Rockstar sale of patents latest sign of cooling in smartphone litigation

Rockstar has agreed to sell 4,000 patents to RPX for licensing to tech companies

Rockstar Consortium, the Apple-backed company that bid successfully for the patents of bankrupt Nortel Networks, has agreed to sell more than 4,000 of these patents to RPX, a company in San Francisco that helps reduce the risk of patent litigation for its clients.

RPX Clearinghouse, a RPX subsidiary, expects to recover most of its investment from simultaneously licensing the portfolio to more than 30 technology companies, including Cisco Systems and Google, thus holding out the possibility that a number of patent infringement lawsuits by Rockstar can come to an end.

Cisco, one of the companies involved in a lawsuit over the Nortel patents, described the deal as a "victory for common sense."

"This step should also send a strong message to companies who toy with the idea of 'monetizing' their patent portfolios through transactions with private equity and non-practicing-entities, or by shaking down other industry participants: They will find themselves isolated," wrote Cisco's General Counsel Mark Chandler in a blog post on Tuesday.

Backed by Microsoft, Apple, BlackBerry, Ericsson and Sony, Rockstar acquired Nortel's patents for US$4.5 billion after outbidding Google in 2011.

Rockstar's owners divided 2,000 patents among themselves, and under the deal announced Tuesday, RPX is acquiring the balance patents, which it will pay for largely from license payments for the patents by the syndicate of over 30 companies. RPX is paying about $900 million for the patents, according to reports.

Upon closing of the deal, the companies will receive non-exclusive licenses to the Rockstar patents, and RPX will also make the patents available for license to all other interested companies under fair, reasonable, and non-discriminatory (FRAND) terms.

In October last year, Rockstar sued Google and some of its Android partners including Samsung Electronics for alleged infringement of its patents.

Last month, Rockstar said in a filing in the U.S. District Court for the Eastern District of Texas, Marshall division that a binding term sheet had been executed that "settles, in principle, all matters in controversy between the parties" in the patent infringement dispute between it and Google. The terms of the settlement were not disclosed. A term sheet is an outline of an agreement that could later become a detailed legal document.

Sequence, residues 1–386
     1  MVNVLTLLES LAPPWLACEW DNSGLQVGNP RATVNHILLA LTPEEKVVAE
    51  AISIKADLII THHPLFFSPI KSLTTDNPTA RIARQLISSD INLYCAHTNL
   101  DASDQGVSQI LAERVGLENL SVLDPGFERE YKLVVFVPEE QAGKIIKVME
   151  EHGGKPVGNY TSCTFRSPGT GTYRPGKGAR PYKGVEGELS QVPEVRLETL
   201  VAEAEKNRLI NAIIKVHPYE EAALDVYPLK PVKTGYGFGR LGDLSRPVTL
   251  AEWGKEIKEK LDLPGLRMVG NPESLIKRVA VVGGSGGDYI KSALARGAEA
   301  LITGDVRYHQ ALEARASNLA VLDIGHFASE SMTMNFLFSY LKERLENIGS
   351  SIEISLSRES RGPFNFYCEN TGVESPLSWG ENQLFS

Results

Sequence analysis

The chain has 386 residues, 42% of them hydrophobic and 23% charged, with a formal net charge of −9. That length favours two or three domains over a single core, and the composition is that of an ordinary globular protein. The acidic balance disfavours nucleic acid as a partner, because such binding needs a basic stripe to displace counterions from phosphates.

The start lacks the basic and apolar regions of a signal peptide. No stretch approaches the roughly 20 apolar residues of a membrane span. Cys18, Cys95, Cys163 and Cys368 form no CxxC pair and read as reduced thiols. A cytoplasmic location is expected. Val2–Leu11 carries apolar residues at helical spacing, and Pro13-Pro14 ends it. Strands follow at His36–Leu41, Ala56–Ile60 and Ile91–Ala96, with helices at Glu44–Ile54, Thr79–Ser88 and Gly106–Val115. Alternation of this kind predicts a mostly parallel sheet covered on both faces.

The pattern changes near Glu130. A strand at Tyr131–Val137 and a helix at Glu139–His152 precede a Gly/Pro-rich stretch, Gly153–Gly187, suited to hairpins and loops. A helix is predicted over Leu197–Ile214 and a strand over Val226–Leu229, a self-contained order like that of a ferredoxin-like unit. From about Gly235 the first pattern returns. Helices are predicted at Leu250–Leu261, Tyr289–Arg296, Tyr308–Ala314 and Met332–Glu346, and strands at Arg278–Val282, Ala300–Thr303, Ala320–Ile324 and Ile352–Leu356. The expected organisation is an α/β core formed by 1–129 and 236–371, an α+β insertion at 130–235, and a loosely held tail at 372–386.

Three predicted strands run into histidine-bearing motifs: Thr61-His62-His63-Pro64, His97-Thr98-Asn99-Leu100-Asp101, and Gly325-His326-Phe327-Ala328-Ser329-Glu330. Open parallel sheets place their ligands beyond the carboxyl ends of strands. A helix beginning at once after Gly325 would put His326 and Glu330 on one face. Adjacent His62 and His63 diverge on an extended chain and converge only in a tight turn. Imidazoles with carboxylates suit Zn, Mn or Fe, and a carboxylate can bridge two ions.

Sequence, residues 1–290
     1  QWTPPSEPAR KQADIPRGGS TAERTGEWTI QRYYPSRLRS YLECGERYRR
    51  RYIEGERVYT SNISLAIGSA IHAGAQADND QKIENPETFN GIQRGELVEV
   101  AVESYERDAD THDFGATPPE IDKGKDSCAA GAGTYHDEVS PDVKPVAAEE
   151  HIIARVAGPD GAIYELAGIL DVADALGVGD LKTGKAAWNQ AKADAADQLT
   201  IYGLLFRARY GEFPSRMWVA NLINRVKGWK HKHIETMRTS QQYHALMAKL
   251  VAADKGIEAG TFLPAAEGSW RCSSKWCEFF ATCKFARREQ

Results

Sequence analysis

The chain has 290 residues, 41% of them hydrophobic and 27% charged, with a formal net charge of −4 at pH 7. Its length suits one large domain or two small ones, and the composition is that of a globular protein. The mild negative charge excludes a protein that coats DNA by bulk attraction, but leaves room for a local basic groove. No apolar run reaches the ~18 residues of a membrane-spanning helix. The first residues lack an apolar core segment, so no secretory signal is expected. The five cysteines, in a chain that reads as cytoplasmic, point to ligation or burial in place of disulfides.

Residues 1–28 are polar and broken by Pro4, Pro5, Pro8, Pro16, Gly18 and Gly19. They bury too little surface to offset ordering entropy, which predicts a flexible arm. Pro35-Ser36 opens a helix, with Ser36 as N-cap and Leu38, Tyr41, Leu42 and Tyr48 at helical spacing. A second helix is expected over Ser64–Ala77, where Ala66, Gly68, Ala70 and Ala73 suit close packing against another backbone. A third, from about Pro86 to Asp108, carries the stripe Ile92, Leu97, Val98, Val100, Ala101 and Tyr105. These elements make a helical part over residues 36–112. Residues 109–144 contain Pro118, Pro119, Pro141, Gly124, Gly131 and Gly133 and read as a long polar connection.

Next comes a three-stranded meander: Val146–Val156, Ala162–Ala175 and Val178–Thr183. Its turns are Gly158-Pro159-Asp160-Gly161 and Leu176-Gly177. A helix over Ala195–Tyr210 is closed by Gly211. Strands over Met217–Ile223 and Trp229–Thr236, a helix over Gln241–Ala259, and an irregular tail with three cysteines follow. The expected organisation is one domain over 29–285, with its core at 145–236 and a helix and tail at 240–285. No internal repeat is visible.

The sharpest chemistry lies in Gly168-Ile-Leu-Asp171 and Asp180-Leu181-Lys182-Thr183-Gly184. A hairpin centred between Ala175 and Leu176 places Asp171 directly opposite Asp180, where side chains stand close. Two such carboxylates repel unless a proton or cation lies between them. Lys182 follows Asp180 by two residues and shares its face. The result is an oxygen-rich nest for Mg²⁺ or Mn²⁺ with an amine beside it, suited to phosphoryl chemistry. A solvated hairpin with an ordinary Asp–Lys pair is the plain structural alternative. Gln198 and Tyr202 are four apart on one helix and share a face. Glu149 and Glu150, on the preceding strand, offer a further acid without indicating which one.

The settlement between Google and Rockstar suggests a general winding down of patent disputes, particularly in the smartphone business. In May, Apple and Google agreed to drop all current patent infringement disputes between the two companies, while Cisco had recently indicated that a settlement with Rockstar was imminent.

On Tuesday, Cisco said it had already taken a financial charge in its first quarter of fiscal year 2015 based on the expected resolution of the Rockstar-associated litigation, so there was no financial impact to the company as a result of the new deal.

Samsung and Apple, however, continue to butt heads in patent disputes in a district court in California, though the companies have agreed to end litigation for patent infringement outside the U.S.

"We joined Rockstar to ensure that both Microsoft and our industry would have broad access to the Nortel patent portfolio, and we're pleased to have accomplished that goal through this sale and our valuable license to the patents being sold," said Erich Andersen, vice president and deputy general counsel of Microsoft, in a statement.

John Ribeiro covers outsourcing and general technology breaking news from India for The IDG News Service. Follow John on Twitter at @Johnribeiro. John's e-mail address is

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Tags Cisco SystemsAppleconsumer electronicsRockstar ConsortiumGoogleintellectual propertysmartphonespatentlegal

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John Ribeiro

IDG News Service
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